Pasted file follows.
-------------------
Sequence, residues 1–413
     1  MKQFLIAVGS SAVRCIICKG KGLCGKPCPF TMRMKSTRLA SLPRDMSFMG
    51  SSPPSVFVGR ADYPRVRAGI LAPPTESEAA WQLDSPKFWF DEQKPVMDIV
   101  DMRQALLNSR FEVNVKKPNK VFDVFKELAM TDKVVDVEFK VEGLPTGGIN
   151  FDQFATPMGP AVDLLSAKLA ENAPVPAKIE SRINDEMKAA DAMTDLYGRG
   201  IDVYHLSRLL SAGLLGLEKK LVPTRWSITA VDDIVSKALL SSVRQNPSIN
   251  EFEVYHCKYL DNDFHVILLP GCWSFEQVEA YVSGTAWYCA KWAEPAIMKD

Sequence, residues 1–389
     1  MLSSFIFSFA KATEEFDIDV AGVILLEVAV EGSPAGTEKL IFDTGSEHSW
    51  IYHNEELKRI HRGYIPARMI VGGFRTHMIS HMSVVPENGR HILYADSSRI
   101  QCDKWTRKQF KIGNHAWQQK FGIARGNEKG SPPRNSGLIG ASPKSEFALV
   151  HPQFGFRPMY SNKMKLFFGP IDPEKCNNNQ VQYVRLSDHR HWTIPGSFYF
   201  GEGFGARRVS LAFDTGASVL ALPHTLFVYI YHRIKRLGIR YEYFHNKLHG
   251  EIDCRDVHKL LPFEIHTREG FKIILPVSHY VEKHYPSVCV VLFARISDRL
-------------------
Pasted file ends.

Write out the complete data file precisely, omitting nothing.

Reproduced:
Sequence, residues 1–413
     1  MKQFLIAVGS SAVRCIICKG KGLCGKPCPF TMRMKSTRLA SLPRDMSFMG
    51  SSPPSVFVGR ADYPRVRAGI LAPPTESEAA WQLDSPKFWF DEQKPVMDIV
   101  DMRQALLNSR FEVNVKKPNK VFDVFKELAM TDKVVDVEFK VEGLPTGGIN
   151  FDQFATPMGP AVDLLSAKLA ENAPVPAKIE SRINDEMKAA DAMTDLYGRG
   201  IDVYHLSRLL SAGLLGLEKK LVPTRWSITA VDDIVSKALL SSVRQNPSIN
   251  EFEVYHCKYL DNDFHVILLP GCWSFEQVEA YVSGTAWYCA KWAEPAIMKD

Sequence, residues 1–389
     1  MLSSFIFSFA KATEEFDIDV AGVILLEVAV EGSPAGTEKL IFDTGSEHSW
    51  IYHNEELKRI HRGYIPARMI VGGFRTHMIS HMSVVPENGR HILYADSSRI
   101  QCDKWTRKQF KIGNHAWQQK FGIARGNEKG SPPRNSGLIG ASPKSEFALV
   151  HPQFGFRPMY SNKMKLFFGP IDPEKCNNNQ VQYVRLSDHR HWTIPGSFYF
   201  GEGFGARRVS LAFDTGASVL ALPHTLFVYI YHRIKRLGIR YEYFHNKLHG
   251  EIDCRDVHKL LPFEIHTREG FKIILPVSHY VEKHYPSVCV VLFARISDRL